Curator: Iris Slade
Opening: July 2nd 2020 at 9 p.m.
During his public art life which began in 1956, Vasko Lipovac received 28 awards for his sculpture, prints, monuments in public spaces, painting, drawing, illustration, scenography and lifetime achievement, exhibiting in almost a hundred solo exhibitions and over 200 group exhibitions. Split's favorite and one of the most popular Croatian contemporary artists left this world 14 years ago, leaving us with an enormous, inspirational opus and, today, each new display of Lipovac's works raises special interest with the audience.
His solid and diverse education, attained at the Academy of Applied Arts in Zagreb – together with his creative curiosity – created a humus which encouraged the growth of his passion for experimenting with different techniques and materials, which creatively complemented the motif/theme diversity. Lipovac was interested in the ambient and habits related to the sea as well as religious and erotic motifs, sports and so on. Adapting these motifs to the content (but always relating to his own habitus) and placing them in his 2- or 3-dimensional forms, he managed to show his distinctive expression which causes emotional reaction to the observer. Some of the protagonists from Lipovac’s artificial worlds seem to show an aristocratic dignity, some evoke melancholy, some are witty and other provoke with their eroticism and lasciviousness.
Boka Kotorska and its magical mountain-marine landscape were the key starting point for shaping the lyrical and nostalgic poles of Lipovac’s characteristic visual expression. This is the most exposed and recognized part of his opus, made up of seascapes, ships in the open sea, sailors and captains, couples in love… These moments from his youth were saved from oblivion and transposed into fascinating visual poetry. There is no doubt: this initial genius loci owes its permanent presence in this opus to the ambient of Split. Still, this same work belongs and doesn’t belong to Lipovac’s living spaces, because its specific universalism makes it close and understandable to all Mediterraneans.
Although the abstract visual idiom was more popular at the time (even with Lipovac), he stayed really close to figurative expression and the material world, boldly reaching for traditional and anachronous contents burdened with traditional conceptions. Following this trail, he lucidly established his own visual iconography and – although he interpreted some motifs repeatedly – he never let go of his creative candour. This goes for eleven of his (never exhibited before) works in wash ink and/or tempera on paper, taken from his family collection and including 4 matrices for prints that were already exhibited. The repertoire of motifs for these prints includes depictions of individual ships (sailing ship and steamboat type) at troubled or smooth sea, and a sailor’s silhouette. They’re all painted in shades of black, with only three works showing shades of blue or red. What if the motif doesn’t grab our attention? If we take our time and focus our attention to the visual components, we will notice that the important content is actually this: the tense balance of stylized monochrome shapes which dominate the scene and the liberated movement which shows its autonomous transparency, minimizing any descriptive duties. Instead of the hypnotizing contemplative timelessness of Lipovac’s works that we’re used to, here we are facing a concrete time, engraved in the brush’s playful trace. The fiery spontaneity in execution, the consciousness present in the prints’ matrices and the imperfection of the artist’s hand are all a part of a unique artistic code.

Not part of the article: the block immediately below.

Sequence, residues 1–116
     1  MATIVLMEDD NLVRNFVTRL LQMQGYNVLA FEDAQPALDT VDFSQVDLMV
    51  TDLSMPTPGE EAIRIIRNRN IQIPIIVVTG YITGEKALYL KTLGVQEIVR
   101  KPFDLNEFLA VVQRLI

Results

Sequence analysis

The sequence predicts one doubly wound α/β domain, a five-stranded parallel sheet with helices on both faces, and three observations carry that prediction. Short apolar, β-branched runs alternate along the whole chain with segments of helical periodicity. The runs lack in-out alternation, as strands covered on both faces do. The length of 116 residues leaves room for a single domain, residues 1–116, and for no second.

Vasko Lipovac was born on June 14, 1931 in Kotor. He graduated from the Academy of Applied Arts in Zagreb in 1955. From 1955 to 1959, he participated in the Master Workshop with Krsto Hegedušić. He has exhibited in about a hundred solo and over two hundred group exhibitions in Croatia and abroad. He is the author of public sculptures: the monument to Dražen Petrović in the park of the Olympic Museum in Lausanne (1995), the monument to Marko Marulić in Vukovar (2006) and in the Sculpture Park in Santiago de Chile (2007), the Red Flower in front of the Faculty of Economics, Business and Tourism in Split. He also made the bronze doors for the church of St. Mary in Kotor (1989). He artistically furnished the interiors of numerous hotels ("Argentina" and "Babin kuk" in Dubrovnik, "Berulia" in Brela and "Marco Polo" in Korčula, "Marjan" in Split) and public buildings (Center for Culture, Maritime Museum in Kotor). He also created book illustrations, scenography and costume design. He has received a number of awards and recognitions for his work. Vasko Lipovac died in 2006 in Split, where he lived and worked since 1967.
On view until July 21st, 2020
The exhibition is financed by the Ministry of Culture of the Republic of Croatia and the City of Split.